Trump Administration Can’t Get Its Message Straight on Immigration Crackdown

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Listening to the various members of the administration of President Donald Trump speak about immigration policy is enough to make your head spin. At the end of the day, what matters is what actually happens on the ground, not what Trump administration officials say in the media. And that reality is just as ugly now as it was when Trump took office.


Any time an administration wants to enact some type of draconian federal policy, it creates, and then heightens the fear level over that issue. Think Richard Nixon’s (and the various succession of presidents after him) war on drugs and then the war on terror.

In 2017, while Trump hasn’t yet explicitly called his immigration crackdown a “war on immigrants,” in reality that’s exactly what it is. But officials can’t explicitly say this, so they’re caught up in delivering a jumbled message.

This tactic of creating a common “enemy,” and then stirring fear among the population is exactly how starting a war on [insert perceived threat here] works. With Trump, it started with a failed Muslim ban that was squashed by the courts and rejected by overwhelming nationwide outrage.

Coupled with that was a crackdown on undocumented immigrants under the guise of “getting rid of the bad guys.” The continued narrative being pushed by the White House this week clearly is designed to link undocumented immigrants of Latinx heritage to gangs, particularly MS-13.

Earlier this week, Trump tweeted the following, buttressing his argument with several similar public statements:


To say the information in this tweet is misleading is an understatement. Trump accused former President Barack Obama of allowing MS-13 to “form in cities across the U.S.,” which frankly is a lie. MS-13 and other gangs like it were formed in the U.S. in the 1980s, and then exported back to Central American countries like El Salvador, Guatemala, and Honduras. Trump was off by about three decades with his comment, and in the wrong direction of migration flow.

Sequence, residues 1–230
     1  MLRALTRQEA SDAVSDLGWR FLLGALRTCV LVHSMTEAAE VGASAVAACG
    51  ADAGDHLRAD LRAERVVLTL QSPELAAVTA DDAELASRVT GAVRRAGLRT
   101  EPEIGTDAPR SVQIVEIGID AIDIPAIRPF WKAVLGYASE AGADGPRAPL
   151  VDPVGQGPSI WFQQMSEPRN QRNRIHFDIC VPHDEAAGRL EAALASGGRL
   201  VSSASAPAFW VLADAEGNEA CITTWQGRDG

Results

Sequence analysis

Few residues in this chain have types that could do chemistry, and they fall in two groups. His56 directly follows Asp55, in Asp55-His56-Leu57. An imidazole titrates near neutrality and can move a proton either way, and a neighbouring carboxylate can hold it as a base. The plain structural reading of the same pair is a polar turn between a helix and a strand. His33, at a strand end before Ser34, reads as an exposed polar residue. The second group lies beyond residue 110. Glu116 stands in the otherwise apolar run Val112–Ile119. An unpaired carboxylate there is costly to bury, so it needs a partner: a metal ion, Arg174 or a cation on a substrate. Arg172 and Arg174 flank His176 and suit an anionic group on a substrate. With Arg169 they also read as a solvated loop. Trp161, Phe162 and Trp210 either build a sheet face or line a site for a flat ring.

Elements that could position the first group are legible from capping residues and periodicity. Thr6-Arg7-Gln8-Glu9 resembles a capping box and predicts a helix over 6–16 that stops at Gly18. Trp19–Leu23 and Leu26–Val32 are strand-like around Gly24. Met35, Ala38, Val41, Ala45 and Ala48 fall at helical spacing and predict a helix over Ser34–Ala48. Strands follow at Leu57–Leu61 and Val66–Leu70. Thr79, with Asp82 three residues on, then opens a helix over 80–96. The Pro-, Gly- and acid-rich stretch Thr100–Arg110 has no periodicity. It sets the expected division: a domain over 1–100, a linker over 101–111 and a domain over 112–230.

Attorney General Jeff Sessions went on Fox News’ Justice with Judge Jeanine this week and echoed the same talking point: Dangerous gangs have infiltrated the U.S. and threaten our existence; therefore, our harsh immigration crackdown is justified. It’s the same thing Sessions is doing on sanctuary cities by misstating the truth and over-exaggerating the crime threat.


But the problem is that it’s not just dangerous criminals who are being targeted—law-abiding members of the community, mothers and fathers with families who have been here for years, and DACA recipients are also being deported, despite what the president and Secretary of Homeland Security John Kelly say in public.


While Sessions continued his crusade against undocumented immigrants this week, Trump and Kelly were attempting to send a slightly toned-down message. In an interview Friday with The Associated Press, Trump said DACA recipients should “rest easy” and that they would not be targeted for deportation. Trump said his administration is “not after dreamers, we are after the criminals.”

But as Fusion reported this week, a 23-year-old DACA recipient was deported under the Trump administration’s crackdown. And according to Homeland Security statistics, in the first month of Trump’s presidency, his administration deported 43 young immigrants who were formerly DACA beneficiaries.


On Sunday, Kelly echoed those claims on CNN’s State of the Union, saying, “If you are simply here illegally, we don’t have the time to go after you. We are looking for bad men and women.”

He was also asked about recent comments by police chiefs in major U.S. cities with large immigrant populations indicating that the reporting of rape and other sexual assaults has dropped dramatically since Trump’s immigration crackdown. The fear of being deported is real and it’s rational. But Kelly again had a confusing message when you compare his words to reality, where the “get tough” policy actually is making people less safe, according to several police chiefs.


“Yes, they should feel comfortable doing it,” Kelly said, referring to reporting crimes as an undocumented immigrant. That comment followed another suggestion that, “You can report crimes, the 911 process is anonymous.”

Kelly also called it a “duty” to report crimes.


So what are we to make of all of this, and what’s the takeaway? In simple terms, Trump and Kelly are trying to shift and soften the argument, while Sessions is on the crusade of his career. Watching what happens on the ground in your city, your community and your state, is where the truth lies.